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Parshas Lech Lecha (5777)

Of Dogs and "Aufruf"

One of the lesser-known, but very fascinating, rituals associated with traditional Jewish weddings is ... the Aufruf.

An Aufruf sounds scarier than it is. In fact, my niece was afraid to come to my Aufruf because she thought there were dogs there (you know … Auf! Ruf! Auf! Ruf!) and she is scared of dogs. The reality is that this ritual thankfully does not involve scary dogs, and the only time you might ever see a dog in the sanctuary is for a “Bark Mitzvah”, where the proud dog chants his “Arf-torah” and everybody shouts “Muzzle Tov”!

On the Shabbos before the wedding, it is the custom for the chassan (groom) to be called to the reading of the Torah in the synagogue. This is called an Aufruf, which literally means “calling up” (or aliyah in Hebrew).

In most synagogues, an Aufruf is a major affair, almost like a Bar Mitzvah. The cantor calls the groom to the Torah with a special chant. After the Torah is read and the groom finishes the after-blessing, everybody shouts “Mazel Tov” and sings in his honor. While the congregation is singing, it is customary for the friends and family of the chassan and kallah (bride) to throw bags filled with nuts, raisins, and candy at the groom. In general, this symbolizes that the new couple should have a sweet, fruitful life. (On a more practical level, it helps to prepare the poor groom for all the dishes and other objects his wife will be throwing at him during their married life together …).

The nuts that are thrown are alluded to in the verse, “I went down to the nut garden…” (Song of Songs 6:11). Rabbi Aryeh Kaplan, in his wonderful book Made in Heaven: A Jewish Wedding Guide, quotes the Divrei Tzadikim who explains this ‘nutty’ idea as follows: Before one can enjoy the kernel of a nut, one must first break away the shell. Similarly, before two people can know one another intimately, they must gradually break the shells and barriers that come between them. True, lasting love involves time and effort – but is well worth it. (Of course, these days, nobody throws nuts anymore – especially with all the nut allergies that people have – so the candy of choice for the majority of Aufrufs has become Sunkist Fruit Gems. Who knew?)

We find in Midrash Talpios an interesting source for the Aufruf. He quotes a Midrash which teaches that chassan domeh l’melech - a groom is like a king. And just as a Jewish king is commanded by the Torah to write two Torah scrolls (see Deuteronomy 17:18) – one that he keeps with him at all times and one that is safely stored away in his treasury – so, too, is the bridegroom called up to the Torah twice – once on the Shabbos before his wedding and once on the Shabbos after his wedding. (Unbeknownst to many, it is customary to call up the groom to the Torah for an aliyah on the Shabbos after his wedding as well.)

I once heard a beautiful explanation of this Midrash: We can ask why it is necessary for the Jewish monarch to keep a Torah scroll safely tucked away in his private treasury when he already carries one with him wherever he goes?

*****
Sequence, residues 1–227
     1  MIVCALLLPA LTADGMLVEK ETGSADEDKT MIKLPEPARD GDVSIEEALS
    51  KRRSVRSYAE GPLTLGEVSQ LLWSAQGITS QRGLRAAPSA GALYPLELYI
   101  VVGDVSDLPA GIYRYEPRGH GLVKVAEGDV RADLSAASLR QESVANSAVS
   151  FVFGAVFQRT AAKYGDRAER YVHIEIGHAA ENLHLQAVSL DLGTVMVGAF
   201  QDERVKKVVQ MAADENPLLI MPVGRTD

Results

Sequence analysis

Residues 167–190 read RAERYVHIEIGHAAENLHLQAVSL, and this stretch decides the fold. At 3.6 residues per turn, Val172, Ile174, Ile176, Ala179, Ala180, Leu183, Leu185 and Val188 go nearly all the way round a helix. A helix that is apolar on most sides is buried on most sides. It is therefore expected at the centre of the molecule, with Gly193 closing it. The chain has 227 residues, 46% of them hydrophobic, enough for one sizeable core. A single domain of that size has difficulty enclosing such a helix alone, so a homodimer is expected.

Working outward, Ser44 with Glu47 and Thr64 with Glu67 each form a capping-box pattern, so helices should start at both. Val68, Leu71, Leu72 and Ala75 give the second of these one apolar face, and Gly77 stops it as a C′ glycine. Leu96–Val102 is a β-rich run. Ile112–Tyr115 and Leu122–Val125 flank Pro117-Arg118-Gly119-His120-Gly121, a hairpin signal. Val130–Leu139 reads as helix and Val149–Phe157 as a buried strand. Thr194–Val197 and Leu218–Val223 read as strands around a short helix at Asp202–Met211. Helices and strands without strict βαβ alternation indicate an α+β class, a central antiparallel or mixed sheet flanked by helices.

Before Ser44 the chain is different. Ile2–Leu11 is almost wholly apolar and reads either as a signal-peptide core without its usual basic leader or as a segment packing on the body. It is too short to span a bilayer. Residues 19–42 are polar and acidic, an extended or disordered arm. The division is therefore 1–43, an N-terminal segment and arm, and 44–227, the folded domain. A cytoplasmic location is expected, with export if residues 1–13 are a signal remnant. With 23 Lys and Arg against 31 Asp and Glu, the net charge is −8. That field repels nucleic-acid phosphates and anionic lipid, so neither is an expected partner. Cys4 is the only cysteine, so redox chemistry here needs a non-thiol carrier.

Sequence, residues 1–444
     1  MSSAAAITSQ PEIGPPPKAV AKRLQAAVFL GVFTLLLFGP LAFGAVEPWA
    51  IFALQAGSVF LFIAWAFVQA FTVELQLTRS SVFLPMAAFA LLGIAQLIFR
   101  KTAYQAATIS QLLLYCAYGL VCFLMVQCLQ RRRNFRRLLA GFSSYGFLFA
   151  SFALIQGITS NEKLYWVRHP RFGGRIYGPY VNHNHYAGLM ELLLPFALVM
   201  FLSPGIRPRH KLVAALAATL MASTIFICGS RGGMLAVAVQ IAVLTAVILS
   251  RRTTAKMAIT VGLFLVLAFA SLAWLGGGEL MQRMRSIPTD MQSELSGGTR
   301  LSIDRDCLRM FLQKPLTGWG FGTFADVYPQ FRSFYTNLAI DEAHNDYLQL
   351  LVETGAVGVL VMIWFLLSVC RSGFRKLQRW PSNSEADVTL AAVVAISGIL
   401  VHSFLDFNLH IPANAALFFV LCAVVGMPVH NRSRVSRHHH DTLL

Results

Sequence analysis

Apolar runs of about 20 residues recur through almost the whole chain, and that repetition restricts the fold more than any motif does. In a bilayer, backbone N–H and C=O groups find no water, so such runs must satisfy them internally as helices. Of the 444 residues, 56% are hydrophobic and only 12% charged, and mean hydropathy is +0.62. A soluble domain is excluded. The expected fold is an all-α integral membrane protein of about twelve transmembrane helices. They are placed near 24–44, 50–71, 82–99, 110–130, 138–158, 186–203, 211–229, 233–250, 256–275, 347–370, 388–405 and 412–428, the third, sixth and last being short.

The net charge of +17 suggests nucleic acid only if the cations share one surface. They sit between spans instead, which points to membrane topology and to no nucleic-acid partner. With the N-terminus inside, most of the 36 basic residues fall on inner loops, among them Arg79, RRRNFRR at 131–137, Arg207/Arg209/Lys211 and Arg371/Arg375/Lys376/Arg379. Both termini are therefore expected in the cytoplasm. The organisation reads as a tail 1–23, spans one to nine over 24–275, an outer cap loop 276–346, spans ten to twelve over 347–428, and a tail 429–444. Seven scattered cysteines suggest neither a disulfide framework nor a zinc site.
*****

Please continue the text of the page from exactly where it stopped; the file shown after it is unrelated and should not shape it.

The answer is that the Torah scroll that the king carries around with him all day can get worn out and tattered, and some of the words might even get rubbed out. So every so often, the king needs to check back to the pure, untouched Torah scroll he keeps safely stored away in his treasury, just to make sure he remembers how an ideal Torah is supposed to look and read.

Taken metaphorically, this can mean that in real life, the king sometimes needs to “cut corners” of the Torah and rely on minority opinions in Jewish law – although never compromising on core principles of the Jewish faith – in order to deal with the various situations with which he is confronted on a daily basis. For this reason it is extremely crucial that, on occasion, the king pull out the perfect, unadulterated Torah in his treasury to remind himself of the ideal and optimal level of Torah observance and service of G-d to which he truly aspires.

The chassan is called to the Torah for his Aufruf – representing himself and his soon-to-be wife - the weekend before the wedding to denote the new couples’ commitment to building a beautiful Jewish home together, based on a foundation of Torah with all its wisdom and insights. This is the pure, ideal Torah scroll representing the highest commitment and lofty dreams to which the chassan and kallah aspire as they begin their newly-married life together. (“Honey, I promise to buy you a dozen red roses every single Friday afternoon for Shabbos”. “Dear, for the rest of our married life together, I will never, ever yell at you or make you feel bad in any way!” “We are going to send our kids to good Jewish schools to make sure that they grow up to be proud, knowledgeable Jews”.)

But then, after the wedding, real life hits – the seven days of Sheva Berachos (special blessings honoring the new couple recited at festive meals that continue for a week after the wedding) correspond to the seventy years (or more) of a person’s life – and in the real world, the couple will often forget about all those dreams and hopes that they once shared when they stood together under the chuppah (wedding canopy). They might “cut corners” of their commitment and set up their Jewish home and marriage in a way that is less than ideal.

So we bring the groom back to the synagogue for an aliyah the weekend after the wedding so that he (and his now wife) can check back to the pure, unadulterated Torah safely tucked away in the sanctuary, to remind him and her about all the commitments they once made and dreams they once shared about life together as a Jewish couple building a Jewish home based on the highest Torah ideals.

[Sources: Made in Heaven: A Jewish Wedding Guide by Rabbi Aryeh Kaplan, Moznaim Publishing]

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